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the height range of the melting layer is the process of turbulent mixing. Their study also suggested that thedepletion of the clear air echo power can be attributed to the turbulent mixing between warm and humidin-cloud air and cool and dry ambient air entrained into the cloud following a strong updraft.Vaughan and Worthington (2000) investigated the variation in power of VHF radar vertical echoes asa function of atmospheric humidity. Their work indicated that the observed echoes are greatest in airof moderate humidity, and least in very dry or near-saturated air. The standard Fresnel scattering modelfor relating clear air echo power to the mean vertical gradient of generalised potential refractive index thusseems to overpredict echo power at high relative humidities (Ottersten, 1969). Their study proposes that thisis due to the effect of precipitation in supressing small-scale humidity gradients. Their study also suggeststhat the echoes are more isotropic, and their spectra are broader, at high humidity, indicating a greatercontribution from turbulent scatter than Fresnel scatter. The present study aims to examine the effects ofprecipitation on clear air returns using a combination of surface rainfall measurements and co-located VHFand UHF radar observations.2 Instruments and Measurement StrategyThe NERC MST radar at Aberystwyth (52.4 N, 4.1 W) operates at a frequency of 46.5 MHz and has apeak transmitted power of 160 kW. The antenna consists of a 20 by 20 array of four element Yagi aerialscovering an area of 110 m by 110 m. The radar beam has a one-way half power width of 1.5 degrees andcan be directed in sixteen possible directions, these directions being vertical and at angles of 4.2, 6, 8.5 and12 degrees off-vertical.Several recent studies have described methods used to derive parameters from Doppler spectra. Normallythese processing schemes aim to determine the returned signal power, Doppler shift and spectralwidth associated with the clear air returns observed at VHF frequencies. Studies which discuss this type ofanalysis include Barth et al. (1994), Hocking (1997), Hooper (1999), and May and Strauch (1998). Morecomplicated processing schemes can also be used to attempt to separate the characteristics of any precipitationsignal from the clear air signal (Wakasugi et al., 1986; Rajopadhyaya et al., 1994). In this study, thestandard processing scheme used by the NERC MST radar, described in Slater et al. (1991), is used in astatistical examination of the data. A more complicated scheme, similar to that described in Rajopadhyayaet al. (1994), is also used to identify the precipitation and clear air signals in a case study to show thedifficulty in separating these signals at low rainfall rates.The surface rainfall rate used in this study is measured by an ARG100 raingauge. The amount of raincollected is measured by the well-proven tipping bucket method. A contact closure at each tip is recorded bya datalogger and the number of tips during a 10 minute interval is recorded. Thus, the rain gauge measuresthe integrated rainfall for a given time interval. In addition use is made of data from a (UK) Met Office915 MHz (UHF) boundary-layer wind-profiler which was co-located with the NERC MST radar between17th November 1999 and 11th March 2002. The useful altitude coverage of the UHF profiler varies with the3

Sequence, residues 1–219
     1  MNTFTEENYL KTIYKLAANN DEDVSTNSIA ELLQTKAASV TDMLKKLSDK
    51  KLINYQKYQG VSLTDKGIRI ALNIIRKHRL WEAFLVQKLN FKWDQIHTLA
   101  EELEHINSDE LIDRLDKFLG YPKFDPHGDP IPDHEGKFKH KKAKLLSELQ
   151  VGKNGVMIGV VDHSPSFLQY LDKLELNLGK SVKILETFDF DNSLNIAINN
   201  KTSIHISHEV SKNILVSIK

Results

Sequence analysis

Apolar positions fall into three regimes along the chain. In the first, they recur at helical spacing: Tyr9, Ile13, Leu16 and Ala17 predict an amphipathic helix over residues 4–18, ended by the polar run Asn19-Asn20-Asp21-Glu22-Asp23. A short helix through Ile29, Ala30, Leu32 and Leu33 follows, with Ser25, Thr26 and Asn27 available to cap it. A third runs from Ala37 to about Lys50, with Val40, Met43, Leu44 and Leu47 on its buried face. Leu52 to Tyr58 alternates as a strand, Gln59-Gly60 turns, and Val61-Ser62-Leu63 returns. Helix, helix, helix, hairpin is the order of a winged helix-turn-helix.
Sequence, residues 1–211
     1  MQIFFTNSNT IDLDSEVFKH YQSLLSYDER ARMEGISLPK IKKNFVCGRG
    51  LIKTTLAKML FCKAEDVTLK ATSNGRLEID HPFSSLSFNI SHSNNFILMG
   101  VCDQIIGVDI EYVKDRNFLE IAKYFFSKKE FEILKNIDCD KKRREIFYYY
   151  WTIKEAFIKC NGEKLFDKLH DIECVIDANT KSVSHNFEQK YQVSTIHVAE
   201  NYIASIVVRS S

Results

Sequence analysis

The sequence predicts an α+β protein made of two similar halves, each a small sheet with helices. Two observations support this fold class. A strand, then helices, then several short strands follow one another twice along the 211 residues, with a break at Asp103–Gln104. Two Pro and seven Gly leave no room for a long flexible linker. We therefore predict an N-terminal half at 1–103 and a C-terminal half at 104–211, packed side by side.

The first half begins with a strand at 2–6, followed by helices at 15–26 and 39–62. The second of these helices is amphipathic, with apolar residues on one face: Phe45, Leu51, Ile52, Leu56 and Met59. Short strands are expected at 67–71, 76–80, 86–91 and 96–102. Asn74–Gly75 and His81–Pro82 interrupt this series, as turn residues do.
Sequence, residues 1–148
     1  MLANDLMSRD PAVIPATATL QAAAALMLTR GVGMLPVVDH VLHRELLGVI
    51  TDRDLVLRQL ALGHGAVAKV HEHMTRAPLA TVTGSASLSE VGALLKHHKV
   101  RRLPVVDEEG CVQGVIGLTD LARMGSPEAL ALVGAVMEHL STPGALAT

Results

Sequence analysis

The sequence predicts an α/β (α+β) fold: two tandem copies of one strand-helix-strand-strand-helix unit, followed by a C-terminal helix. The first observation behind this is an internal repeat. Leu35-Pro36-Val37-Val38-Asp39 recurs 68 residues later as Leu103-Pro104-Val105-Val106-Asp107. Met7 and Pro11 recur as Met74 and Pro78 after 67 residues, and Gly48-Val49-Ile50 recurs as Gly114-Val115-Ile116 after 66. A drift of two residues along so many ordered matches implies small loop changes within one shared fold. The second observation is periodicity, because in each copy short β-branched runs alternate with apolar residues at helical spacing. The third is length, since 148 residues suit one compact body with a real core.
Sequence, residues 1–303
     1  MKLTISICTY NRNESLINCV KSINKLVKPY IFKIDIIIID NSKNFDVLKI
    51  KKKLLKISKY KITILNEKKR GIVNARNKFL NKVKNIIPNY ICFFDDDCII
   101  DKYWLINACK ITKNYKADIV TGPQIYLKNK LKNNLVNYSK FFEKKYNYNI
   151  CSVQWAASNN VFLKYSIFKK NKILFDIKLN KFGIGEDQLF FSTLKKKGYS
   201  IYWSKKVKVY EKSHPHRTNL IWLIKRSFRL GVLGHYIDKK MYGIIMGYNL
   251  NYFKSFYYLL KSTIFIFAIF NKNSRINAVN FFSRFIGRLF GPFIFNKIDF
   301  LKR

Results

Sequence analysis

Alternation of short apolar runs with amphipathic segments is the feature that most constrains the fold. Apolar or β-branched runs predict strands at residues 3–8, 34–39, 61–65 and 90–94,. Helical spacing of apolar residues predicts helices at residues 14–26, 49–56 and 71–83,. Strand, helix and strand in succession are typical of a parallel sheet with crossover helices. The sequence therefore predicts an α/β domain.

measurement mode utilised and atmospheric conditions and generally only extends significantly above 2km when precipitation is present. Although the cycle time for observations is of the order of a few minutes,the available data represents a consensus average over 30 minutes.3 ResultsThis study uses data from the NERC MST Radar facility at Aberystwyth in mid-Wales. Examples of theeffect of precipitation on the observed signal power are shown after a statistical analysis of the effect ofprecipitation on VHF returns. To examine the role of precipitation on clear air returns statistically a numberof days associated with high rainfall rates at the surface were selected. High rainfall days were defined inthis study as days where the surface rainfall rate was greater than 1 mm h for a continuous period greaterthan 10 minutes. A total of 33 days during the calendar year 2001 were selected using this criterion. ¡¥¢ Laterin the statistical analysis co-located UHF wind-profiler measurements are used to examine the statisticalrelationship between precipitating cloud regions (associated with large signal to noise ratios in the UHFsignal at high altitudes) and the VHF returns. A subset of 17 days from the 33 days previously selected isused in this analysis because of a lack of simultaneous UHF data during many days.3.1 Statistical AnalysisTable 1 shows the mean signal power, for three altitude regions, associated with surface precipitation andnon-precipitation conditions. As a check, two different threshold rainfall rates (0 mm h and 0.5 mm h )are used to distinguish precipitation conditions from non-precipitation ones. When the mean signal power¡£¢ ¡¥¢is calculated from VHF data between 2 and 4 km using a rainfall threshold of 0 mm h (rain and no rainperiods) a clear decrease of roughly 3 dB is observed during rainfall. Between 4 and 6 km this ¡£¢ differencedecreases to 0.4 dB and at 16 – 18 km is only 0.1 dB. This decrease indicates that this change is notassociated with increased noise levels at all altitudes caused by rain static. The observed altitude dependencealso seems to suggest that precipitation between 2 and 4 km causes this change. When the rainfall thresholdis increased to 0.5 mm h the difference between the signal powers remains approximately the same formeasurements between 2 and 4 km. However, seperating VHF signal power data into periods of ¡£¢ heavier(rate greater than 0.5 mm h ) and lighter (rate less than 0.5 mm h ) surface rainfall changes the resultsfor the 4 – 6 km altitude region giving rise to a difference of 1 dB. It is suggested that this is caused by¡¥¢ ¡£¢the larger vertical extent of convective precipitation which is generally responsible for the highest rainfallrates at this location. Table 1 also shows the number of events where the variation in the mean changessignificantly at the 95% level. Examination shows that over half the events display a significant decrease insignal power during rainfall for averages derived from data between 2 and 4 km.Examination of Table 2 shows that the vertical spectral width, which is corrected for the effect of beambroadening, observed during periods above the surface rainfall threshold is larger than that during periodswhen the surface rainfall threshold is not exceeded. Table 2 also shows the number of events when the4